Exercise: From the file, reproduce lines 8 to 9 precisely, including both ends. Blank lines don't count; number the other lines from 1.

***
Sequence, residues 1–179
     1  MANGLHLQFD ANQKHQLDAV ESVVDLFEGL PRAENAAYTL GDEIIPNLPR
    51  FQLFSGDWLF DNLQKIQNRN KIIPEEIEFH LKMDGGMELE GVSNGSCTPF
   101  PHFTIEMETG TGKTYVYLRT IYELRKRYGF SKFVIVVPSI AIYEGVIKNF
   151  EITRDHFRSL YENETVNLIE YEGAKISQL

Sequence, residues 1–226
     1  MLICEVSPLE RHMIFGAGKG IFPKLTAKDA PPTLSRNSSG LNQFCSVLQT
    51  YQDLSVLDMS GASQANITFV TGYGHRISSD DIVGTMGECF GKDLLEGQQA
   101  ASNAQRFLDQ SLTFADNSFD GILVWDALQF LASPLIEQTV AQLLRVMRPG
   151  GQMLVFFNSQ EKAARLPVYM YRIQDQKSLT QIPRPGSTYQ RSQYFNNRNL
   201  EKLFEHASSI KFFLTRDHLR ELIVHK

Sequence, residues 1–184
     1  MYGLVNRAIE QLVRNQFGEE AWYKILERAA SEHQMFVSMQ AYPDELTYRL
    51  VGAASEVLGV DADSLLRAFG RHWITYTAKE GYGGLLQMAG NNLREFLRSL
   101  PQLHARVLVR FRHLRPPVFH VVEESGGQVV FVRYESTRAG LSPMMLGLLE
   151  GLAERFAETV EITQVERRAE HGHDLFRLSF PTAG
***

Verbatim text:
    51  YQDLSVLDMS GASQANITFV TGYGHRISSD DIVGTMGECF GKDLLEGQQA
   101  ASNAQRFLDQ SLTFADNSFD GILVWDALQF LASPLIEQTV AQLLRVMRPG